We have many photos of the long, long canoes that ply the river, carrying people and cargo up and down the river locally.  Some are covered, seat four abreast with an aisle down the middle, and over 20 meters long.  As we rode along the river southward, we could see them moving along through vast areas of farmland and jungle, and in the little towns where the road found the river again, we saw shops with “Yamaha” and Suzuki” over the door, but inside there were only outboard supplies – this area was totally focused on river travel.  This is also timber country, and we were pleasantly surprised when we looked in a chainsaw shop and spotted Oregon brand chains for sale.  I asked the guy at the counter what chains the locals preferred for cutting the hardwood trees here, and he pointed at the Oregon brand boxes.

As we were riding south through the area known as the Mountagnia, that flat band of jungle near the base of the Andes, we found the roads varying between good pavement, bad pavement, and good rock roads.  The good rock roads are much better than the bad paved roads, mainly because a bad paved road has sharp-edged potholes that can bend rims and break your teeth.  It tends to happen in areas where rocks fall down onto the road and punch holes in the asphalt, after which trucks and buses destroy it.  Sometimes it lasts a hundred yards, sometimes it lasts 100 miles.  We are always much happier when the asphalt ends completely and we’re on dirt and rocks, it’s much easier to ride on.  Sometimes when we choose our routes we make choices based on the road surface, especially if there is more than one way to get there.  Google maps will often have enough resolution that I can zoom in and actually see the road surface.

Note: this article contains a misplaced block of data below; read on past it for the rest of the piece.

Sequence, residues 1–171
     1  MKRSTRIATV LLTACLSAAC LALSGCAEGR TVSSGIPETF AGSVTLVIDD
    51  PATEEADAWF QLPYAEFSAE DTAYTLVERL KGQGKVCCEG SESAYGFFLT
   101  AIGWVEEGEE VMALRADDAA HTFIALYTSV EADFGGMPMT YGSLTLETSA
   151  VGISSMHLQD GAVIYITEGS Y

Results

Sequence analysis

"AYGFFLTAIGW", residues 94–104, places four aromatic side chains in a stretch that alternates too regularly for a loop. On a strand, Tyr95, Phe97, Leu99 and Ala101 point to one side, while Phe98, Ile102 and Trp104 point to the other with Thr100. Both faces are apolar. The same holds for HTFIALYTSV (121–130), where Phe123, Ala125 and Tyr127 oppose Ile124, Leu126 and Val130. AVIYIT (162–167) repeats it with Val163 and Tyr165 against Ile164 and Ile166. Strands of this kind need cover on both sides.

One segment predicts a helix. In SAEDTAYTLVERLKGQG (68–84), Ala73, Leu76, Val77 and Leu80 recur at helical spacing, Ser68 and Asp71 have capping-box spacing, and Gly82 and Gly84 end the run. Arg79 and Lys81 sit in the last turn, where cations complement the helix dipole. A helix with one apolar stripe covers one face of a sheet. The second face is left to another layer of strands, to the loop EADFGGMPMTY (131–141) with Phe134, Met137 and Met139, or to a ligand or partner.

We rode south , and spent nights in towns with names like Juanjui, Tocache, and Tingo Maria.  Finally, at Huanuco, we turned west again and headed back up into the Andes, our goal being to see the Cordillera Blanca with its glaciers and ice fields.  It would take us two days to get to Huaraz, which sits in the valley below the mountain range.  The road rose quickly, and just as quickly deteriorated to a maze of potholes, rocks, and small patches of the road that once was.  Our speed dropped to about 20 mph as we weaved and dodged obstacles and holes, working our way up through switchbacks, trucks, buses, and what-have-you.  We finally topped out in the afternoon at Koronas del Incas, the Crown of the Incas, a spectacular series of rock towers on the mountaintop above.  The pass topped out at 4100 meters, and we took a break on the grass beside the road and soaked in the scenery.  Glen Cochrane, from Australia came by on his Triumph, and we had a nice chat and story-swap.  Glen has been traveling for three years now and filled us in a bit on the area around where we were going.  After a while it was time to ride, and as went descended the clouds closed in and the rain began, coming down harder and harder as we worked our way further east.  Finally, in La Union, we found a clean, cheap place and threw in the towel for the day, muddy and wet and tired, but happy with the progress we’d made.  Some kind of festival was going on, so the streets were noisy and crowded.  We found a place for Chifa, a kind of cross between Chinese and Peruvian food, which is usually a good choice when you have no idea, and are tired and hungry.